I have sixteen chapters and am planning a prologue. Some of the chapters are very long, some short, and others almost empty as I haven’t got to them. Once I organize the information in this way, I’ll revamp the whole thing with a view to evening out the chapters, making sure I end each one so the reader will have to turn the page, and giving the book a rising action quality, as much as is possible with a biography.

This book is a different kind of history for me, whose historical fiction books started my writing career. There I could use the actual historical facts as a framework upon which I imposed the fiction part. A lot of the book came out of my imagination. I’m pretty sure Ron Calhoun, his family, friends and the rest of the world actually want me to make this whole book factual, so my approach to it has to be quite different.

I’ve contemplated using sidebar boxes with related information but have decided to go the appendix route. That will give the biography a narrative quality. I’m telling a story. Yes, it’s a real person’s story but it’s a story and I want it to read like one and not like a list of facts. With Calhoun’s exceptional stories this format is working well. The appendices will be substantial with Ron’s documents. Pictures will be included as well.

Another narrative quality here is my use of direct quotations, possible because my subject, though eighty-four and having outlived every other person on that Cancer Society team back in 1980, is still very much alive. Ron was the chair of that committee. He gets to tell the story. A weird thing that has been happening as I write the story is that I often find myself using Ron’s own phraseology. He’s a wordsmith himself. That means I can hear his voice in the writing making this a biography that is almost alive with his very personality. That may diminish somewhat in revisions but I hope to retain that flavor.

Photo by http://www.charlestonfootprints.com/charleston-blog/calhouns-moving-grave/2014/01/07/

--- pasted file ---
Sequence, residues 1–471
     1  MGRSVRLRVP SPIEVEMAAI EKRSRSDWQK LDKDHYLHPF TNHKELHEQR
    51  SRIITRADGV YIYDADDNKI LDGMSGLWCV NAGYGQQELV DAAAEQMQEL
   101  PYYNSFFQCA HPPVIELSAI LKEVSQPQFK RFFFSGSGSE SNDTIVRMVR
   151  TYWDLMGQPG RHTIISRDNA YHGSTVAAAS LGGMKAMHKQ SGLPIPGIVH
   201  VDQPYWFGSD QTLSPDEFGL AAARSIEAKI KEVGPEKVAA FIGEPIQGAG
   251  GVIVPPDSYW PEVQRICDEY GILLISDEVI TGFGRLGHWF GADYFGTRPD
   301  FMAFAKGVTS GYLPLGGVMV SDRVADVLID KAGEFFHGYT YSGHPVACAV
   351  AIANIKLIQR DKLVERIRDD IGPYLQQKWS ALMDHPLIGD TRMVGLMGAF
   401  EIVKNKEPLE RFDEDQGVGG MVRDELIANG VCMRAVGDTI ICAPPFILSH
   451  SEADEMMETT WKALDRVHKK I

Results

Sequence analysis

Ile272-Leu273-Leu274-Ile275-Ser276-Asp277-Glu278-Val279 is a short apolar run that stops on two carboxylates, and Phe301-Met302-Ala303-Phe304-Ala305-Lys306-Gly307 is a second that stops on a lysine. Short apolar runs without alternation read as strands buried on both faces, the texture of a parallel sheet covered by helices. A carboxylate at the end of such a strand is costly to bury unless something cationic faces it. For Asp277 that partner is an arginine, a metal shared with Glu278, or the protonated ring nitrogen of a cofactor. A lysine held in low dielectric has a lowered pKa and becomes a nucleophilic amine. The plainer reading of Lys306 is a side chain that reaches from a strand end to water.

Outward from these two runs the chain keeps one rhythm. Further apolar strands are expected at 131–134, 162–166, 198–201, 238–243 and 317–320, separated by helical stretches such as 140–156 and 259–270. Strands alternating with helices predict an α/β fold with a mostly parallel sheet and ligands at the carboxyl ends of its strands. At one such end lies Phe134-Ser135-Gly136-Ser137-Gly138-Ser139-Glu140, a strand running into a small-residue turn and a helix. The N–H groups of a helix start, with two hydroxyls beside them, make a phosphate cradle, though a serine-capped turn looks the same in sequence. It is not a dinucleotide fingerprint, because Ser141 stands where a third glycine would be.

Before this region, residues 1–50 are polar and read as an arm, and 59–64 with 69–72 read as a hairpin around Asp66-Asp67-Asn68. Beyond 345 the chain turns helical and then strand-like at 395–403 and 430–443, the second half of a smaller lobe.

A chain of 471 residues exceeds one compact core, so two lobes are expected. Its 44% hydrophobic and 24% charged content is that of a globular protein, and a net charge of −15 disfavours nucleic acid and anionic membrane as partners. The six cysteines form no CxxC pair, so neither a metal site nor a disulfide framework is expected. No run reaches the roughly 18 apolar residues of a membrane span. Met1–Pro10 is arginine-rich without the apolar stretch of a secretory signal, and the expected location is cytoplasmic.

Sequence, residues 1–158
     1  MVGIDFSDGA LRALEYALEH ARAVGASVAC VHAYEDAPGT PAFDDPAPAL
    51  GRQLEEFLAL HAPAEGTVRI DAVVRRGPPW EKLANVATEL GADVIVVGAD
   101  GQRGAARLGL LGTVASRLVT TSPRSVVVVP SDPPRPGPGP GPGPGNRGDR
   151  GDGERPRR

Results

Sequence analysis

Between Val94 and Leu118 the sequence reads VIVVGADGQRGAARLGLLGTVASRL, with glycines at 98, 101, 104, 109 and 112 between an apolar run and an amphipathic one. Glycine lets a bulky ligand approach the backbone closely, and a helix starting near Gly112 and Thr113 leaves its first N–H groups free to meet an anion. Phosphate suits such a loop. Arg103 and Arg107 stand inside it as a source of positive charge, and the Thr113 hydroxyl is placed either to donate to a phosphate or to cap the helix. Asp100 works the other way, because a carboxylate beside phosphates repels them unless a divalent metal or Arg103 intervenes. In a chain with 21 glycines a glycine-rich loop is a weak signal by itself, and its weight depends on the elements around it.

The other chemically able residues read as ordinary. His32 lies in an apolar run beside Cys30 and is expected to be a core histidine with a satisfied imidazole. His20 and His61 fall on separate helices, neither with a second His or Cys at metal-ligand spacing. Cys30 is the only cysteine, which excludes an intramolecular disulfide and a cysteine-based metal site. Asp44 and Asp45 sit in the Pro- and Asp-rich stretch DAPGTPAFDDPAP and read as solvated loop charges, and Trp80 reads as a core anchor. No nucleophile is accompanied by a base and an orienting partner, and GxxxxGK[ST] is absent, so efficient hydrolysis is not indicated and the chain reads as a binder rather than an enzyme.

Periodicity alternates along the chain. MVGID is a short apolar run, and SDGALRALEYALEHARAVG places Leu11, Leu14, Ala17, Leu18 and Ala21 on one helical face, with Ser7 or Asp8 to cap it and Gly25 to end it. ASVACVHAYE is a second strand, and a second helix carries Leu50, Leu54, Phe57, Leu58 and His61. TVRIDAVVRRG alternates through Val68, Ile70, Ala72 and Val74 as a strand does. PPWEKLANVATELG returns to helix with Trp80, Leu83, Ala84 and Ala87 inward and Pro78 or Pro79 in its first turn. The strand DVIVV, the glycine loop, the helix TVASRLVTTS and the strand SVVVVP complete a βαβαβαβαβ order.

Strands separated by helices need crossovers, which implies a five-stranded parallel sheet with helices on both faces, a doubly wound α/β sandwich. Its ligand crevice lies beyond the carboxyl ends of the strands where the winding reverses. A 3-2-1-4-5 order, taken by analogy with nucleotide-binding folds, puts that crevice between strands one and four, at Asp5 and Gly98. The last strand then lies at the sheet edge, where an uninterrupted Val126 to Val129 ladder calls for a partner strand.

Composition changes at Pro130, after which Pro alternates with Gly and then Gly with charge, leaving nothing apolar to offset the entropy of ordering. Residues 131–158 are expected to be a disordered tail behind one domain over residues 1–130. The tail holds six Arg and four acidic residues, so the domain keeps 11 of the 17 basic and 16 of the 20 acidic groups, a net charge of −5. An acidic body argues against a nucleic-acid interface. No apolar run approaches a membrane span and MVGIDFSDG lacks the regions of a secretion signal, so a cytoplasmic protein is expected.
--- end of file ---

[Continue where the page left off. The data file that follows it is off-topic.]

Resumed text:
Now if you happen to be American and are not quite so conversant with Terry Fox’s name I must tell you that Ron Calhoun is related to a Vice President which John F. Kennedy included in his list of five most important vice presidents of the United States: John C. Calhoun. Like John C., Ron can trace his Calhoun lineage back to the twelve hundreds. And Ron even engineered help from a local historical society in Charleston, South Carolina, to get his famous ancestor’s gravestone repaired. The man takes on any cause he possibly can!

The last point necessary to address today is the question of what to do with all the information you find about your biography subject that doesn’t make it into the book. I have two thoughts. Come up with a guideline for choosing what will make it into the book, either in the main biography or in the appendix. Then take those items which are just too far away from the main topic of the book and use them for marketing tidbits, blog posts, Twitter bits, Facebook articles, or any other similar venues. They can lead nicely into your main subject matter for a speaking engagement. They might link your subject matter to a newspaper article. Do not simply discard any of the research you’ve done.

My deadline for completing this rough draft is the end of August. Then I’m setting it aside for a month and living my life outside of writing. When I get back to it, I’ll be looking at the whole project with fresh eyes and the revisions will begin. Publication is sometime in mid 2019. Meanwhile, here are my beloved historical novels to tide you over.

 

Click on the Loyalist Trilogy books below for great historical stories with satisfying endings: